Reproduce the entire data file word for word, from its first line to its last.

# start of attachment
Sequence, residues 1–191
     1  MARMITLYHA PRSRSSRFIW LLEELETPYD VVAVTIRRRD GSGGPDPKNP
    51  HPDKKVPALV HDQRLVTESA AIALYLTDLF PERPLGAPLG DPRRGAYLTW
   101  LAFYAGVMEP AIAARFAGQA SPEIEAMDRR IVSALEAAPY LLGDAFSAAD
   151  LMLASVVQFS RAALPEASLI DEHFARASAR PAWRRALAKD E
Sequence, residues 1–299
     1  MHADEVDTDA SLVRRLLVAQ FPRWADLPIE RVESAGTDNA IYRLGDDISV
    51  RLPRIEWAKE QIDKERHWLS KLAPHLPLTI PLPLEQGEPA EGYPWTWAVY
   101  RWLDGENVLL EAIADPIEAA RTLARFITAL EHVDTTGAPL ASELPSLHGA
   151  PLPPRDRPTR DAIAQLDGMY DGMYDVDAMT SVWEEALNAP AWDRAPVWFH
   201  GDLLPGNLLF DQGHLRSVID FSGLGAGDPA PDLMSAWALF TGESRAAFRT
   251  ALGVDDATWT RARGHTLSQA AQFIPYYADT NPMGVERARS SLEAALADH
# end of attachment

Sequence, residues 1–191
     1  MARMITLYHA PRSRSSRFIW LLEELETPYD VVAVTIRRRD GSGGPDPKNP
    51  HPDKKVPALV HDQRLVTESA AIALYLTDLF PERPLGAPLG DPRRGAYLTW
   101  LAFYAGVMEP AIAARFAGQA SPEIEAMDRR IVSALEAAPY LLGDAFSAAD
   151  LMLASVVQFS RAALPEASLI DEHFARASAR PAWRRALAKD E
Sequence, residues 1–299
     1  MHADEVDTDA SLVRRLLVAQ FPRWADLPIE RVESAGTDNA IYRLGDDISV
    51  RLPRIEWAKE QIDKERHWLS KLAPHLPLTI PLPLEQGEPA EGYPWTWAVY
   101  RWLDGENVLL EAIADPIEAA RTLARFITAL EHVDTTGAPL ASELPSLHGA
   151  PLPPRDRPTR DAIAQLDGMY DGMYDVDAMT SVWEEALNAP AWDRAPVWFH
   201  GDLLPGNLLF DQGHLRSVID FSGLGAGDPA PDLMSAWALF TGESRAAFRT
   251  ALGVDDATWT RARGHTLSQA AQFIPYYADT NPMGVERARS SLEAALADH